If you do plan to include a labyrinth in a healthcare garden, consider the following design guidelines from Therapeutic Landscapes:

1. The classical labyrinth consists of 11, 7, or 5 concentric circles. The path of the 11-circuit labyrinth is 860 feet long and thus should not be considered for a healthcare garden. Walking that far would likely tax the energy of patients or the time of visitors or staff. The 7- or 5-circuit labyrinth is more appropriate, both in terms of the length of the path and in terms of the space it claims.

2. People walking a labyrinth are in a contemplative, introspective mood and do not want to be stared at. Site the labyrinth in a secluded location out of sight of other garden users and nearby windows.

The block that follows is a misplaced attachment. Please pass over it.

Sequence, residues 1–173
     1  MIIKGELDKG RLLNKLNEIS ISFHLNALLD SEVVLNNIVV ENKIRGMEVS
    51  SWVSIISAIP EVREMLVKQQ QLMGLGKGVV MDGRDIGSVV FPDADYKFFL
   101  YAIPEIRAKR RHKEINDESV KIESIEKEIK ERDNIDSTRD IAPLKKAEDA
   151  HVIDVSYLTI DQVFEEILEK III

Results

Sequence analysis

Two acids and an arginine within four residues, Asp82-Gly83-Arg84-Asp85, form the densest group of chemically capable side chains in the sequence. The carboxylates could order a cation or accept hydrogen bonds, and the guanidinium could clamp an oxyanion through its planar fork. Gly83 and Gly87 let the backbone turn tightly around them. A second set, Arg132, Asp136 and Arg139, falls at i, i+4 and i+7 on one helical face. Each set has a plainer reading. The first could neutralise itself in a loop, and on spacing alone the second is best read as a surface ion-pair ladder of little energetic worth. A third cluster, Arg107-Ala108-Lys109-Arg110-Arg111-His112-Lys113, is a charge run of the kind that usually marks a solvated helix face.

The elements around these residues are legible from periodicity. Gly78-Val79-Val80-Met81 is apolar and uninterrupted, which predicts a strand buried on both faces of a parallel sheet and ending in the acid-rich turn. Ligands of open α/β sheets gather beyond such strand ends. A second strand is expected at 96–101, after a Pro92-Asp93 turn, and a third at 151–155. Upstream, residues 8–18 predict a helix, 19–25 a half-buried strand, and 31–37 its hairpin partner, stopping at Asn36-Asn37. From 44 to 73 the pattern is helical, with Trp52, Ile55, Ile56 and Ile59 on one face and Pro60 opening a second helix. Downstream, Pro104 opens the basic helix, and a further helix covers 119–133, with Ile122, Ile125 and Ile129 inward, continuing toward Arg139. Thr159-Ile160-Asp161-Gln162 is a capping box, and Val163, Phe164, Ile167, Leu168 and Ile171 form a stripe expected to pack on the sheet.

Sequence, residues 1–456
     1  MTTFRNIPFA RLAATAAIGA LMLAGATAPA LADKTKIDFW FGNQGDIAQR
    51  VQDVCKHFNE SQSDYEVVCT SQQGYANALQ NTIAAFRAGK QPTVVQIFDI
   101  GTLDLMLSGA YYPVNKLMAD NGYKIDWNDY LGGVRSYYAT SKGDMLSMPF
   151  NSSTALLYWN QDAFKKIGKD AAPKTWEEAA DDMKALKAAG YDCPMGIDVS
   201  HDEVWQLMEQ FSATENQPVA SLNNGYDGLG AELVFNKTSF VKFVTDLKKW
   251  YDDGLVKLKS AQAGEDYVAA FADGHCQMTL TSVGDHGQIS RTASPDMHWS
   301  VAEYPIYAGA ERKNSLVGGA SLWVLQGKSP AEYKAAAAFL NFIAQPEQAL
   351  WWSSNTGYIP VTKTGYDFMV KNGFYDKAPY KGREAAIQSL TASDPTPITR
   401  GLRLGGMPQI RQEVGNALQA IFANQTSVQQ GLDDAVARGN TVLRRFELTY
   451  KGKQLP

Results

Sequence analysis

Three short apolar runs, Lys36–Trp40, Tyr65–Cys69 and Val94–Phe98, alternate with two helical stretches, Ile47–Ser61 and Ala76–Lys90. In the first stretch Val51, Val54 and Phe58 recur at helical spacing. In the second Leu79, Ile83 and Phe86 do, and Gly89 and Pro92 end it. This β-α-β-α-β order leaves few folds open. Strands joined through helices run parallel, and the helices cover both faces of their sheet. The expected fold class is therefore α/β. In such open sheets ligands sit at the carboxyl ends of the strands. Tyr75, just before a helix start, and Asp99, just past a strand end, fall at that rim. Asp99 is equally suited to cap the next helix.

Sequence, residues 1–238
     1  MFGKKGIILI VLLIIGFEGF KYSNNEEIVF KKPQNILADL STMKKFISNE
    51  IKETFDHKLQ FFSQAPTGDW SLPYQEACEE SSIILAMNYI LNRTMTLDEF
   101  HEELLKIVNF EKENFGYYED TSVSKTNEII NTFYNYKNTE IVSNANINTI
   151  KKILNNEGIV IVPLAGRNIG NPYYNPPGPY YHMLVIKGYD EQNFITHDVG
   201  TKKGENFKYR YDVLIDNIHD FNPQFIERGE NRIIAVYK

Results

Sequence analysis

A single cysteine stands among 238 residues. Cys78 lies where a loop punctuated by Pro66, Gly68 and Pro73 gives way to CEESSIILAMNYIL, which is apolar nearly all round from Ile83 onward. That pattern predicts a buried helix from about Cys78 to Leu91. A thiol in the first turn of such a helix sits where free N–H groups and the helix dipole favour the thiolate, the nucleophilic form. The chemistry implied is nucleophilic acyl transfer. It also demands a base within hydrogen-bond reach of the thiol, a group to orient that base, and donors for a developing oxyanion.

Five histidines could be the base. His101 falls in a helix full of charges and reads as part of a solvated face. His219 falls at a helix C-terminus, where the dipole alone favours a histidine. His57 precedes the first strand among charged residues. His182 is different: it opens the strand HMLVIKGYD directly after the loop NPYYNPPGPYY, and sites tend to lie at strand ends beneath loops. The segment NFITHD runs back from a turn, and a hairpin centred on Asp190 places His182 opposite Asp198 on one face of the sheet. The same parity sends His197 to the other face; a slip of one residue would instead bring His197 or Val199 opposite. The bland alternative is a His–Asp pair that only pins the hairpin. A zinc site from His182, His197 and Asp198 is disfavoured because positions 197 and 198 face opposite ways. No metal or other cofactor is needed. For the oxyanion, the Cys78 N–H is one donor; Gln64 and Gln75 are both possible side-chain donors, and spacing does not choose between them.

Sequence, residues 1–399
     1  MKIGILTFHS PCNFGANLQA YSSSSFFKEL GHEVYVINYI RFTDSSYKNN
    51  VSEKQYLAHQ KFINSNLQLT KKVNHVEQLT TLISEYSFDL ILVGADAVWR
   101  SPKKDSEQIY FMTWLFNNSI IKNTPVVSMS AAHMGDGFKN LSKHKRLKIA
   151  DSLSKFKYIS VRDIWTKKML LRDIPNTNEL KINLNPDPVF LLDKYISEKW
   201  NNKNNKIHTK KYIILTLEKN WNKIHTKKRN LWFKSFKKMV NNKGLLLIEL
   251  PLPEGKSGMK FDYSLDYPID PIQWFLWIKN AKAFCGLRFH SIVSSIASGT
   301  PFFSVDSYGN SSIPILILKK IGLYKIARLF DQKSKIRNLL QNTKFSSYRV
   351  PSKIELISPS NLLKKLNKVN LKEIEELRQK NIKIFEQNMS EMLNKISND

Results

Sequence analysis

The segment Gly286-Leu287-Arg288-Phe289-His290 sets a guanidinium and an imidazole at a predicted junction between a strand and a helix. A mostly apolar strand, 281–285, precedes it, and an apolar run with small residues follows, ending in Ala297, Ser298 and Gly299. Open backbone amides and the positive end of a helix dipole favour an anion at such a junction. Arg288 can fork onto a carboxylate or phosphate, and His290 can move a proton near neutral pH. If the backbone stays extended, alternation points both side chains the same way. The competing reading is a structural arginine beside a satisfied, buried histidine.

3. Since some people view the process of walking a labyrinth to be a spiritual experience, site it where others will not be forced to walk across to get from one destination to another.

4. Since many people may be unfamiliar with the purpose of a labyrinth, provide information nearby indicating how to walk the path.

5. Consider a “finger labyrinth” – they take up far less room and can still provide people with a meditative practice.

Finger labyrinth at the American Psychological Association. Photo by Naomi Sachs

Finger labyrinth at the American Psychological Association. Photo by Naomi Sachs

I’d love to hear your comments, and would also love to hear about examples of labyrinths in healthcare gardens that are really appropriate for the place and the people.

Some of the text for this post was excerpted with permission from the publisher, Wiley, from Therapeutic Landscapes: An Evidence-Based Approach to Designing Healing Gardens and Restorative Outdoor Spaces by Clare Cooper Marcus and Naomi A. Sachs. Copyright 2014.

 

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Happy Earth Day!

April 22nd, 2015
From http://happydayquote.com/earth-day-quotes-tumblr/

From http://happydayquote.com/earth-day-quotes-tumblr/